Could You Have a Blood Circulation Problem?

August 31, 2014

Could You Have Poor Blood Circulation?

Blood circulation is a continual process of blood being transported from the heart through the arteries to different parts of the body, including organs. When there is an interrupted flow of blood throughout the body and poor circulation occurs the body is unable to carry out its normal functions efficiently. Symptoms of poor blood circulation develop over time and include swollen feet, cold feet and hands, skin discoloration, fatigue, loss of appetite, dry skin, memory loss, erectile dysfunction, constipation, varicose veins, numbness, etc.

As someone leading a very active lifestyle, I didn’t think I would have to deal with blood circulation issues. So I was shocked to be diagnosed with Deep Vein Thrombosis (DVT) in my left leg and Pulmonary Embolism (PE) in April 2013. This was three months after become symptomatic and going to the doctor every other week for a swollen leg. When the diagnosis finally came I was very angry with my health care providers. It was not until I went for my Saturday morning 10 mile run and I could not breathe that my doctor told me he was going to test me for DVT and hoped I did not have PE. With the affirmation of this diagnosis I felt like my world was coming to an end. Since developing a lifestyle free of pharmaceutical medications I was faced with a dilemma to take lifesaving medication. I was convinced by two family members who are pharmacists to follow all of the doctor’s orders so I can get out of the danger zone. The delay in diagnosis created additional complications. I was shortly thereafter diagnosed with pulmonary hypertension, an enlarged left and right atrium and I was told I had a cyst on my lungs. Currently only my left atrium is enlarged.

My medical providers told me they did not think my chronic swollen left leg was due to a DVT because I do not fit the characteristics of a person with a DVT, even though almost 20 years ago I had a small blood clot in my leg because I was taking birth control pills.  Being the over thinker that I am, I indulged in self-study of how to continue to live a healthy and active life with these conditions. This was considered my second clotting event and a third could make me a candidate to take Coumadin indefinitely.  I needed to find ways to naturally decrease my chances of having another clotting event, to improve my blood circulation and to maintain a healthy weight without being on Coumadin.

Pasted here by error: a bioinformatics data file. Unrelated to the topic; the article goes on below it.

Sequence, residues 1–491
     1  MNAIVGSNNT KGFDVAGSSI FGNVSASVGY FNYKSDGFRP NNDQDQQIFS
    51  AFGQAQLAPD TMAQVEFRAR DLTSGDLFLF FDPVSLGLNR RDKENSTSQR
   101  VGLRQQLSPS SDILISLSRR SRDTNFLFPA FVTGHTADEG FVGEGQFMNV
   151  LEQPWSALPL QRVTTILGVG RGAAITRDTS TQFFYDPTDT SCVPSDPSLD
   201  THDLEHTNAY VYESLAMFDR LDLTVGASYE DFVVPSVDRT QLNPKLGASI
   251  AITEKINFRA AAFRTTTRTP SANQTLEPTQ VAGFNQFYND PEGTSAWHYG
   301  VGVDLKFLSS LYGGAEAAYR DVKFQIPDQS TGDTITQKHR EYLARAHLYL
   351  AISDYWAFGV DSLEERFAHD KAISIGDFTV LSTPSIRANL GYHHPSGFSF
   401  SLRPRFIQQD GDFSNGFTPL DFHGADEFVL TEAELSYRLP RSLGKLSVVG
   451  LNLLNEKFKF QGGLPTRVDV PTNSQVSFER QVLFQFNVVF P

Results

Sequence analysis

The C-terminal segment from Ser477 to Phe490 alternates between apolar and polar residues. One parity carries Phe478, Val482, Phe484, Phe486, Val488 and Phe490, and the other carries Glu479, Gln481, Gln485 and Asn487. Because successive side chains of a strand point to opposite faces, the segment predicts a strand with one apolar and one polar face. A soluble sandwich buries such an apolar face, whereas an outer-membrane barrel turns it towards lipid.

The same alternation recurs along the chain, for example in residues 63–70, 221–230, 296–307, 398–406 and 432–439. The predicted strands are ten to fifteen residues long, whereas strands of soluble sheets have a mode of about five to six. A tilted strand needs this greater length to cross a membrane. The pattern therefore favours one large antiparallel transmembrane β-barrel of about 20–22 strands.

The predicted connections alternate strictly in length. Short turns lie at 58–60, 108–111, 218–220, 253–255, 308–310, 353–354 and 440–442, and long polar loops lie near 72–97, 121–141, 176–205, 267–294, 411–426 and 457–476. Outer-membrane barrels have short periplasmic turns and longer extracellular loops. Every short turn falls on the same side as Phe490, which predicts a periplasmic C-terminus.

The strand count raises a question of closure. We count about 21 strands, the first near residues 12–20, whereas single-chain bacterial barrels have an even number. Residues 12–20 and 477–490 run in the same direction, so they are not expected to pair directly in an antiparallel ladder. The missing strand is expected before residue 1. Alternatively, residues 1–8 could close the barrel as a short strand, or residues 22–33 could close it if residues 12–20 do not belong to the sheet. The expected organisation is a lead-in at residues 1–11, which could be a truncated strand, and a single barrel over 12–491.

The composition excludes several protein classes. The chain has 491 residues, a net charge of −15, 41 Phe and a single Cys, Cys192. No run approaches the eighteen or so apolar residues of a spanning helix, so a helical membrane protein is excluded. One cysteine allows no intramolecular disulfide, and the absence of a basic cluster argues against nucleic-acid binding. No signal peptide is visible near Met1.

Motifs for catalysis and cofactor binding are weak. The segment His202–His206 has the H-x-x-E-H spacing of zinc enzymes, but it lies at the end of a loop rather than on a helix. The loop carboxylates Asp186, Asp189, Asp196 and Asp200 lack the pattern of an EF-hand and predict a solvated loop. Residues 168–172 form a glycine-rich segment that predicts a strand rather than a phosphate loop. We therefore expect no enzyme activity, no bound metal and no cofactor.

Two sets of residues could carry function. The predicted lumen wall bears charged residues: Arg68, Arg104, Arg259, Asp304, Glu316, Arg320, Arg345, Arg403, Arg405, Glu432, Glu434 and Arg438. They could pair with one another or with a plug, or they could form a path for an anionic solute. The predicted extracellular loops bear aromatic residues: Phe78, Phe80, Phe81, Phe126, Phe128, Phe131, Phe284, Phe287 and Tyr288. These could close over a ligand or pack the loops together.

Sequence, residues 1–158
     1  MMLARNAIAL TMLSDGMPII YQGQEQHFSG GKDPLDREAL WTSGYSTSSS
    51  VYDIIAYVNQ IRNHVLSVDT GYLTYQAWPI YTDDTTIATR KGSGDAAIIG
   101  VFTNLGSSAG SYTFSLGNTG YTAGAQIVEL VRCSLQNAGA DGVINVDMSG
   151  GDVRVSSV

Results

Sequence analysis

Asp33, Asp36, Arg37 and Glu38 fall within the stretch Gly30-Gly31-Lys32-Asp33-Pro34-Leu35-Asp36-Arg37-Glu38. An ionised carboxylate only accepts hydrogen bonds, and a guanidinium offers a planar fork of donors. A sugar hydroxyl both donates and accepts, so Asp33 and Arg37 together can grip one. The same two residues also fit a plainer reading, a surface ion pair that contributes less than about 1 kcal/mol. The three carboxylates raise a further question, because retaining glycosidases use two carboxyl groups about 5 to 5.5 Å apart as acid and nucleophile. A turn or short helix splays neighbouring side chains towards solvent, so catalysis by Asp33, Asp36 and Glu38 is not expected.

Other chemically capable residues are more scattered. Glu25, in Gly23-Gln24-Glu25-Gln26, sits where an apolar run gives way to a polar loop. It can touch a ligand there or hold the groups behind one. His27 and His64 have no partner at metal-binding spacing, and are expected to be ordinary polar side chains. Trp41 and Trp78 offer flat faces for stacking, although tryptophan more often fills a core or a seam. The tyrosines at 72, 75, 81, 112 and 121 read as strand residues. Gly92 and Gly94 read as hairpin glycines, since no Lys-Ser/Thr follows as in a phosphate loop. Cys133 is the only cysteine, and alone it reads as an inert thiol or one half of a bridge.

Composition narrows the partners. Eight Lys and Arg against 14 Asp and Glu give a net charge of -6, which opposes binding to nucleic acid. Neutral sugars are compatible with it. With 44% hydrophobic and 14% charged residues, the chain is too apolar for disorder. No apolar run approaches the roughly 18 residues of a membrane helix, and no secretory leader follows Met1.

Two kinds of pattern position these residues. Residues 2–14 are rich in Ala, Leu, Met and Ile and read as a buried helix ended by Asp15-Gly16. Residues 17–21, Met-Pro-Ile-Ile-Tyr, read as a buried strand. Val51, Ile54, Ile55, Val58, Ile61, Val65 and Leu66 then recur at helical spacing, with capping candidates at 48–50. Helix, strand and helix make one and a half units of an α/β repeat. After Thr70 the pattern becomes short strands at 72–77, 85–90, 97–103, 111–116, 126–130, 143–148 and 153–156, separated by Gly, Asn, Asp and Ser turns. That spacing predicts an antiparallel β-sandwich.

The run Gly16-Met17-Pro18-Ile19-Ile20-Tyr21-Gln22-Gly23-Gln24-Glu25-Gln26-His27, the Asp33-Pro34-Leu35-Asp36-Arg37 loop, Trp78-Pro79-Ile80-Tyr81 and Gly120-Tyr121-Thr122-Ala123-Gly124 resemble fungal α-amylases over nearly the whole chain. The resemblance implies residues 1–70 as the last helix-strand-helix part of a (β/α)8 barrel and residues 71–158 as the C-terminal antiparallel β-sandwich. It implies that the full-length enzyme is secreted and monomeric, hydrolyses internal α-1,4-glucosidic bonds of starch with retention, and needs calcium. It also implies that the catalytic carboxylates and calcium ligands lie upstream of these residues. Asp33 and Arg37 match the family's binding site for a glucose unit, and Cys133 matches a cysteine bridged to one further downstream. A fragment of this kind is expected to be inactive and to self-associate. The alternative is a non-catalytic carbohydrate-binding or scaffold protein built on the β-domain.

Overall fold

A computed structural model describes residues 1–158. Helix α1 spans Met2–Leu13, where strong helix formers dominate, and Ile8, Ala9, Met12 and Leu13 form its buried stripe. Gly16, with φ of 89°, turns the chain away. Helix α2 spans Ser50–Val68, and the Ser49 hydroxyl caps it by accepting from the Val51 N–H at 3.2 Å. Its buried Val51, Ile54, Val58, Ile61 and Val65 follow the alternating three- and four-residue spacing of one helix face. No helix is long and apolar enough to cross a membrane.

People on Coumadin are warned to decrease their amounts of Vitamin K enriched foods as they can cause the Coumadin to be unable to thin your blood. This was extremely stressful to me since my diet consisted of many of the foods on that list (kale, spinach, chard, grapefruit, etc). I worked with my doctor so I could eat the same amount daily and this would not affect how the Coumadin would work.

Since being off Coumadin I have gone back to eating more and a larger range of foods rich in Vitamin K. I also eat a lot of cayenne, garlic, ginger, watermelon, avocado, beets and chives. I make a variety of drinks with these ingredients and other anti-inflammatory ingredients. I also decided to follow the advice from an herbalist, who suggested that I eat wild salmon every so often. This has been a major struggle for me as a vegan and vegetarian, but I made the difficult choice to do this for my health. My herbalist has also recommended that I no longer practice Bikram yoga. This was very heartbreaking because  I loved doing Bikram and hot yoga several times a week. He explained that my body did not need to get that hot. My blood needed to remain cool and able to move easily throughout my body. He also warned me about lifting heavy weights and gaining too much muscle mass as when you lift heavy weights there is a surge of blood to the lifting area and I needed my blood to not have that type of shock.

Moderate exercising is nevertheless critical to blood circulation. I have been an avid fitness person for years now and picked up running as I got healthier. I started running 7-10 miles on Saturdays and began training people how to do the same. I can no longer run because of the impact on my body. I honestly still have a fear of running, remembering like it was yesterday when I couldn’t breathe in the middle of my long run. The scariest moment of my life. But to anyone else who might be dealing with a chronic condition, I want to say that I am no longer depressed about not being able to run because there are so many other great things I can do. Now I am studying new forms of dance that are low impact and even dream of one day being on a Broadway show.

I write this article to the person who thinks like I did, that your life is “over” now because of a diagnosis. Life starts in the mind. We choose the quality of our life based on our perception. Life changes, but our perception does not have to. Waking up with gratitude for each breathe is a sacred ritual for me now. I am choosing to take my life one day at a time by nurturing myself and taking in each breathe with intention.

Have you dealt with chronic conditions? How do you maintain a holistic and healthy lifestyle? 

Also by EnJunaya: 2 Alkalizing Raw Soup Recipes

Are You Exposed to Acrylamide in Food?

Plant-Based Diet: How I Lost Weight and Changed My Life


Photo: DeeAshley via Flickr

EnJunaya has been working as a clean eating and fitness coach since 2007. With a background as psychotherapist, she uses the tools from her training to engage, partner and coach clients on nourishing their bodies through whole plant-based foods and exercise. Find out more about her work on her website and Youtube channel.


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